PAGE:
Step 27 - tie off

Step 28 - trim rib

Step 29 - flash

Step 30 - tie in

Step 31 - tighten

Step 32 - hair

Step 33 - tie in hair

Step 34 - trim butts

When you tie down the zonker strip on the front of the fly, you often get a fairly large bump under the thread - and under the head or the front hackle. You can avoid this by leaving a little space in front of the wing, and finishing it with a small bunch of hair similar to that on the strip.
This will cover the ugly bump caused by the skin strip, and form a smooth foundation for a front hackle or make it much easier to form a small head.

Using a brush on a soft hackle

Step 35 - hackle

Step 36 - prepare hackle

Step 37 - tie in

Step 38 - wrap hackle

Step 39 - tie off

Step 40 - finish

Step 41 - grooming

Step 42 - varnish

You know how some tyers are able to get the soft front hackles on their wet flies to sweep back over the body like they were glued in place? Well, there are techniques to make this happen by just tying the feather in in the right way. But not only can you do that, but when the hackle is done, and doesn't act exactly as you want, you can simply comb it in place!
Make yourself a hackle and fur comb by cutting down an old (or new) toothbrush, and stroke this firmly over the hackle from the flies' head and back, and you'll be surprised how even and nicely swept back it can become.

A closer look - A closeup of the body and wing
A meaty mouthful - The Bloody Zonker is a large fly, here compared to a Big Hole Demon and a Magnus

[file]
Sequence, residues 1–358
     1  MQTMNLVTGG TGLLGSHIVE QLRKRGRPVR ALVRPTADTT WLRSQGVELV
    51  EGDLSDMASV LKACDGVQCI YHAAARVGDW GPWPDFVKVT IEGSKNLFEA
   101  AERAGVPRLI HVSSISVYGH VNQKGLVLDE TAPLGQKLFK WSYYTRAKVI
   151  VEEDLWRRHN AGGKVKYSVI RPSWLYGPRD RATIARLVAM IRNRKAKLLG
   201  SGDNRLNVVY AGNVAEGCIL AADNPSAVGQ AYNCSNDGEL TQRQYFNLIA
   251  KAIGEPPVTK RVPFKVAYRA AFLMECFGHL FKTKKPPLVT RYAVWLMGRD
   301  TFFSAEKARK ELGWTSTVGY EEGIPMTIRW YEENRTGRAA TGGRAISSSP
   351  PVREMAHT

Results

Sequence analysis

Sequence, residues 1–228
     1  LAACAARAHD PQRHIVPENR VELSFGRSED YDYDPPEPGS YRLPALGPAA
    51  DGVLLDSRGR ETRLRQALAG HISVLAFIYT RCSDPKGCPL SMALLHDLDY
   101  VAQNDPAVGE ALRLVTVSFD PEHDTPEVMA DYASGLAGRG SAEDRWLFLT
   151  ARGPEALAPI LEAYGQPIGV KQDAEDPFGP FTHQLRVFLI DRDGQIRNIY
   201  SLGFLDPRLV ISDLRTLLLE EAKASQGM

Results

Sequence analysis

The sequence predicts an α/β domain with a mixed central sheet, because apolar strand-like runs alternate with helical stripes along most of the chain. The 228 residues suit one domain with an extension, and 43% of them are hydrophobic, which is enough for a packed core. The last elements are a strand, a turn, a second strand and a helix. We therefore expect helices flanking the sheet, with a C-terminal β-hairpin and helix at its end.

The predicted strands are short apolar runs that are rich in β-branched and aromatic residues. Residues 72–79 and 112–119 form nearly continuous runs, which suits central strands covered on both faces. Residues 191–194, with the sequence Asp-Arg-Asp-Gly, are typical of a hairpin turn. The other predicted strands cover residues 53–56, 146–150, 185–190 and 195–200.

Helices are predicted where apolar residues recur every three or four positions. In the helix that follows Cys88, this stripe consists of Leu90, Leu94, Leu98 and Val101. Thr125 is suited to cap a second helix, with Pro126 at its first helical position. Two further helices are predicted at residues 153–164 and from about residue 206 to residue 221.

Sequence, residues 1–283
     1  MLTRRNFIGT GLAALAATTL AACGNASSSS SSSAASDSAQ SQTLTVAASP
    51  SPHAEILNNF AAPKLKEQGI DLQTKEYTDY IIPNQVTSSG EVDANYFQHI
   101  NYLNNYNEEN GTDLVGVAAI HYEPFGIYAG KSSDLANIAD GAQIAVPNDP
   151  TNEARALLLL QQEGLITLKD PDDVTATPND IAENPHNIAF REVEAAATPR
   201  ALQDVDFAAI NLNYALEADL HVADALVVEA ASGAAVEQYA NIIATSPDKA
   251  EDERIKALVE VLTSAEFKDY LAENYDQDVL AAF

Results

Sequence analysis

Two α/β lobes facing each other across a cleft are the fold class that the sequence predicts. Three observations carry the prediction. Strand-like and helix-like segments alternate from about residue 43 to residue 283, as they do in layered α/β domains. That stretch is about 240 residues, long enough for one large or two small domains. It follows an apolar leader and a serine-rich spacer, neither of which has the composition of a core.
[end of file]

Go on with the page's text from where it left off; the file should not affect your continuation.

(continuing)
A meaty fly
Martin Joergensen


Martin Joergensen's picture

Jan, The tier is ...


The tier is Ken Bonde and not myself, but I think the scissors are from Dr. Slick and a model, which is curved and serrated. I always use straight scissors myself, but I'm sure the Dr. Slick will work fine for deer hair as it does for other types of tying.


Hi Martin, your a...

Hi Martin,

your are using a curved scissor. Would you tell what scissor it is and if you are using it also for deer-hair-flies. I am looking for a good curved scissor.



Martin Joergensen's picture

Dear anonymous, C...

Dear anonymous,

Click on the image to get a larger and better version, where the details are more visible. We have heard your comment before, and while I certainly respect the view I don't think the problem is that severe, and I honestly don't think that uniform, colored backgrounds are good for anything else than analytical images, documenting flies.

I have changed the backgrounds on the latest tying series (this one was shot in 2009), but don't expect us to turn to absolutely uniform backgrounds anythime soon. These flies are usually tied at a tying desk, and shot over the shoulder of the tyer, and although we will make the table and background tidier, it will probably never be 100% uniform.


It would be nicer to...

It would be nicer to follow if some sort of light background was behind the fly tying rather than a clutter of gear, find it difficult to follow, sorrry.


Log in or register to pre-fill name on comments, add videos, user pictures and more.
Read more about why you should register.

Since you got this far …

The GFF money box

… I have a small favor to ask.

Long story short

Support the Global FlyFisher through several different channels, including PayPal.

Long story longer

The Global FlyFisher has been online since the mid-90's and has been free to access for everybody since day one – and will stay free for as long as I run it.
But that doesn't mean that it's free to run.
It costs money to drive a large site like this.

See more details about what you can do to help in this blog post.